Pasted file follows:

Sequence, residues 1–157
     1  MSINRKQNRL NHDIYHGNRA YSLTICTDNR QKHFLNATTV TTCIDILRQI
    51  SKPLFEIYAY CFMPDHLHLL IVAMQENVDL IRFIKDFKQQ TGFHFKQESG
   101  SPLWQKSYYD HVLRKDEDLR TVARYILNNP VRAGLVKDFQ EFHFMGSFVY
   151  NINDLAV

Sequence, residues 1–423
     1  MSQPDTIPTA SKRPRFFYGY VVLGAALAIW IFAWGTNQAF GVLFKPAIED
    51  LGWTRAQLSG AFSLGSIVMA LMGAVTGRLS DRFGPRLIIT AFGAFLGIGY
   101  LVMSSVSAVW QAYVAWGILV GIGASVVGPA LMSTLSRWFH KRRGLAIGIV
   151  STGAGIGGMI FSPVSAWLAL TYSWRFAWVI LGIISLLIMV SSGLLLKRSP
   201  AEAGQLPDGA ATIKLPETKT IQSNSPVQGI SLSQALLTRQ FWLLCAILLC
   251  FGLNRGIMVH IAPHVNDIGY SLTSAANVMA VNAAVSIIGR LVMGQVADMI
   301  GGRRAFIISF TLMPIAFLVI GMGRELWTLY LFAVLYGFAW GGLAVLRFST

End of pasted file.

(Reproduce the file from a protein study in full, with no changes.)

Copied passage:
Sequence, residues 1–157
     1  MSINRKQNRL NHDIYHGNRA YSLTICTDNR QKHFLNATTV TTCIDILRQI
    51  SKPLFEIYAY CFMPDHLHLL IVAMQENVDL IRFIKDFKQQ TGFHFKQESG
   101  SPLWQKSYYD HVLRKDEDLR TVARYILNNP VRAGLVKDFQ EFHFMGSFVY
   151  NINDLAV

Sequence, residues 1–423
     1  MSQPDTIPTA SKRPRFFYGY VVLGAALAIW IFAWGTNQAF GVLFKPAIED
    51  LGWTRAQLSG AFSLGSIVMA LMGAVTGRLS DRFGPRLIIT AFGAFLGIGY
   101  LVMSSVSAVW QAYVAWGILV GIGASVVGPA LMSTLSRWFH KRRGLAIGIV
   151  STGAGIGGMI FSPVSAWLAL TYSWRFAWVI LGIISLLIMV SSGLLLKRSP
   201  AEAGQLPDGA ATIKLPETKT IQSNSPVQGI SLSQALLTRQ FWLLCAILLC
   251  FGLNRGIMVH IAPHVNDIGY SLTSAANVMA VNAAVSIIGR LVMGQVADMI
   301  GGRRAFIISF TLMPIAFLVI GMGRELWTLY LFAVLYGFAW GGLAVLRFST